The Bed Bath & Beyond Selloff: Opportunity or Value Trap?
Bed Bath & Beyond Inc. (NASDAQ:BBBY) is a household name and chances are you have visited one of its establishments. It is an incredibly profitable company, although the stock has struggled to pick up any lasting momentum. It caught my eye after reporting a top and bottom line earnings miss last night. For those who do not know the company, it operates a chain of retail stores. It sells a range of domestic merchandise, including bed linens and related items, bath items, and kitchen textiles. It also has home furnishings, such as kitchen and tabletop items, fine tabletop, basic housewares, general home furnishings, consumables, and certain juvenile products. The company also offers health and beauty care items, and giftware and household items, as well as infant and toddler merchandise.
It has several different stores it operates too. As of May 31, 2014, the company had a total of 1,500 stores, including 1,015 Bed Bath & Beyond stores in all 50 states, the District of Columbia, Puerto Rico, and Canada, 266 stores under the names of World Market, Cost Plus World Market or Cost Plus, 91 BuyBuy BABY stores, 78 stores under the names of Christmas Tree Shops, and 50 stores under the names of Harmon or Harmon Face Values. The stock is down about 3 percent today and falling on the back of poor earnings. Is this an opportunity to get long the stock?
Well, the quarter wasn’t completely terrible, but it reflected a lack of any meaningful growth out of the company. It reported net earnings of $0.93 per diluted share, or $187.1 million, in the first-quarter, compared with net earnings for the first-quarter of 2013 of $0.93 per diluted share or $202.5 million. As you can see, total earnings fell, but the per share number held due to the company buying back shares in the last year.
One piece of good news is that net sales for the quarter were approximately $2.657 billion, an increase of approximately 1.7 percent from net sales of approximately $2.612 billion reported in the first-quarter of 2013. Comparable sales in the fiscal quarter increased by approximately 0.4 percent, compared with an increase of approximately 3.4 percent in last year’s first-quarter. I mentioned the share repurchasing. Well, during the quarter, the company repurchased approximately $273 million of its common stock, representing approximately 4.2 million shares. As of May 31, 2014, the remaining balance of the existing share repurchase program authorized in December 2012 was approximately $861 million.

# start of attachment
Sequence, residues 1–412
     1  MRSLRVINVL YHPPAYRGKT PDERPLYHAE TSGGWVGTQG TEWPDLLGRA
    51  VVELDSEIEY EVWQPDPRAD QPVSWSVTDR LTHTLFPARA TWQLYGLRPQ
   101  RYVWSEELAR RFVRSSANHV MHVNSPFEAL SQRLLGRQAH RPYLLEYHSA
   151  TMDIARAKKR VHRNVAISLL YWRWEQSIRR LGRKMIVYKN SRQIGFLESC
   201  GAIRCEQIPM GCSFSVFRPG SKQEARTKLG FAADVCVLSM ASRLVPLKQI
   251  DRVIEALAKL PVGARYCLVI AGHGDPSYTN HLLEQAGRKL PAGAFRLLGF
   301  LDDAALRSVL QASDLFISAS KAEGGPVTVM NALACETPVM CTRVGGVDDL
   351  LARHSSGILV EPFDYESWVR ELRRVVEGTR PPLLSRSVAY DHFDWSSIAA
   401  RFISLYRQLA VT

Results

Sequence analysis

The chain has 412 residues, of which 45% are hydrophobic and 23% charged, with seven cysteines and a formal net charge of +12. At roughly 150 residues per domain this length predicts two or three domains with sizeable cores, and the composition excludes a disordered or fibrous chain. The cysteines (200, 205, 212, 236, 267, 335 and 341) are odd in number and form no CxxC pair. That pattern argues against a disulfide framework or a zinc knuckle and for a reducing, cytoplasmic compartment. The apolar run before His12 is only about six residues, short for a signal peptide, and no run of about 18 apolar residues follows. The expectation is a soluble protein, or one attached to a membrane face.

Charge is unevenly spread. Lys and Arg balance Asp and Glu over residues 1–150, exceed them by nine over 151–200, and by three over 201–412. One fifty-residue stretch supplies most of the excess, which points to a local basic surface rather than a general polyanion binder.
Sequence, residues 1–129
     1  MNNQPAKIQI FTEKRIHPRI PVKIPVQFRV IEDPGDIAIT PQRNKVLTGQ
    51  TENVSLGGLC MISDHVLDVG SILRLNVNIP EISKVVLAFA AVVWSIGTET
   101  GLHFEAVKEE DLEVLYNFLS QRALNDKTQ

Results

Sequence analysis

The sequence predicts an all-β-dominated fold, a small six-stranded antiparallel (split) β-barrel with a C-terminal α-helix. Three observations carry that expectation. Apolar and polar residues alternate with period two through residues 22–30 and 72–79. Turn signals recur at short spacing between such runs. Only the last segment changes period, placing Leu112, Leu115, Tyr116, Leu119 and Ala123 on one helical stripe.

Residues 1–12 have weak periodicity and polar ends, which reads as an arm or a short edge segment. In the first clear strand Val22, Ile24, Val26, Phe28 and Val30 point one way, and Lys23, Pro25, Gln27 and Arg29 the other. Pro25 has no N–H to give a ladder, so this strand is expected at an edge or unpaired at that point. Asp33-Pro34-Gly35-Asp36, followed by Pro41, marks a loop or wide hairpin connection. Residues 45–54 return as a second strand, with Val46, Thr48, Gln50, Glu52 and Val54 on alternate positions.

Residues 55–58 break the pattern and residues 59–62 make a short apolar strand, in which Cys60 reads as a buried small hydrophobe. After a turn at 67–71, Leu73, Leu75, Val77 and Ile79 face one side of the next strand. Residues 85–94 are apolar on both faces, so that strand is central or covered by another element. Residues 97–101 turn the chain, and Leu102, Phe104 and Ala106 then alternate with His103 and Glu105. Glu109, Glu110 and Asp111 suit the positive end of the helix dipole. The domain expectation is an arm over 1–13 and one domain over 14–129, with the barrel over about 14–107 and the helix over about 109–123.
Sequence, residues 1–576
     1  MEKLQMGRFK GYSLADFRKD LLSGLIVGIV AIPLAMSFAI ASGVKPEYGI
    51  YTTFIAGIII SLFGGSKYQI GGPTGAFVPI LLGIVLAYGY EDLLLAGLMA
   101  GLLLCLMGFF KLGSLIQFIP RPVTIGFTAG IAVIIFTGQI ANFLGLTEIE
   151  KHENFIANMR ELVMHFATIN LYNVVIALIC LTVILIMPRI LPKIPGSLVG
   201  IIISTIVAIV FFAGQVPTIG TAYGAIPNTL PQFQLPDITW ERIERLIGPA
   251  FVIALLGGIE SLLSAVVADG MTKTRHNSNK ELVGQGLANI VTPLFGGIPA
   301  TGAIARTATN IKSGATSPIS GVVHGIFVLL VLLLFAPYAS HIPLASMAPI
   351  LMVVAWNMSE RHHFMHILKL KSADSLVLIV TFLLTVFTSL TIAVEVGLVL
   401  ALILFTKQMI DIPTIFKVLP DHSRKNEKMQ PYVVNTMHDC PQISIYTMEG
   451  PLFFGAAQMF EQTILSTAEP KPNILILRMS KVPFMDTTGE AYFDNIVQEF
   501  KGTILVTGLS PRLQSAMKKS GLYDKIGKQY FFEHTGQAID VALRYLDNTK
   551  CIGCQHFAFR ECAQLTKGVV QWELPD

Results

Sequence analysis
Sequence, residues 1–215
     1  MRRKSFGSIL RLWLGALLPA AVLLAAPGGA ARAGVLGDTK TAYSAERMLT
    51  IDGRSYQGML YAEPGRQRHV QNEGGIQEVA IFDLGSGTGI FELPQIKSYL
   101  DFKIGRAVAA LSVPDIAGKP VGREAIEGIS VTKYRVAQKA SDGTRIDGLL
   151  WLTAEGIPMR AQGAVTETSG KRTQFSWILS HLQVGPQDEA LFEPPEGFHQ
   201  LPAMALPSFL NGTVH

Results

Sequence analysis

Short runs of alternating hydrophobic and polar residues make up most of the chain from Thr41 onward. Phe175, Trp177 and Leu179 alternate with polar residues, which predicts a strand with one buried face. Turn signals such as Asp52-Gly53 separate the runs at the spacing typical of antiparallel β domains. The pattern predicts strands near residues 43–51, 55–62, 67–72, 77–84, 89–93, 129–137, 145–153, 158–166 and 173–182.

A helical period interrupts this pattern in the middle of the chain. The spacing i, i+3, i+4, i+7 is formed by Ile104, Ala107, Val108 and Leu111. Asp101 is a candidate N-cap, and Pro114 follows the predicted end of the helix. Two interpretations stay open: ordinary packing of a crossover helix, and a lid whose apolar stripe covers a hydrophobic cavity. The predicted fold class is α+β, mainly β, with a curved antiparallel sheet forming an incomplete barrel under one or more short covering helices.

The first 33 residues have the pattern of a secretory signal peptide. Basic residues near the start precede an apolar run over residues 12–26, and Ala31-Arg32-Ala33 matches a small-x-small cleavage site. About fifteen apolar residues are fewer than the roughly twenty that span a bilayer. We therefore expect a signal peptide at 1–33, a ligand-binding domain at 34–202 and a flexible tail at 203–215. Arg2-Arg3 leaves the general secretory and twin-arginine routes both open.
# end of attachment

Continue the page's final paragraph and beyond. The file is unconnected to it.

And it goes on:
But where do we go from here? We have a stock that relative to its peers is somewhat cheap. It only trades at 11 times earnings and is at its 52 week low of $55.56. Frankly, with its performance, this selloff is justified. The company isn’t showing us any growth. Rather then continue with the share repurchase program, some of the money should be invested back into the company to get some growth going again for shareholders. Looking ahead, earnings projections are not looking too impressive. The company is modeling net earnings per diluted share to be approximately $1.08 to $1.16 for the fiscal second-quarter of 2014 and, consistent with the prior estimate, to increase by a mid-single digit percentage for all of fiscal 2014. That is just not enough growth for me. Bed Bath & Beyond simply isn’t hitting the mark. However, it still is a profitable company. Right now, I rate shares as a hold. However, if the stock dips under $50, I would be inclined to argue that based on current earnings, you would have to step in and do some buying.
Disclosure: Christopher F. Davis holds no position in Bed Bath and Beyond and has no plans to initiate a position in the next 72 hours. He has a hold rating on the stock and an $53 price target.
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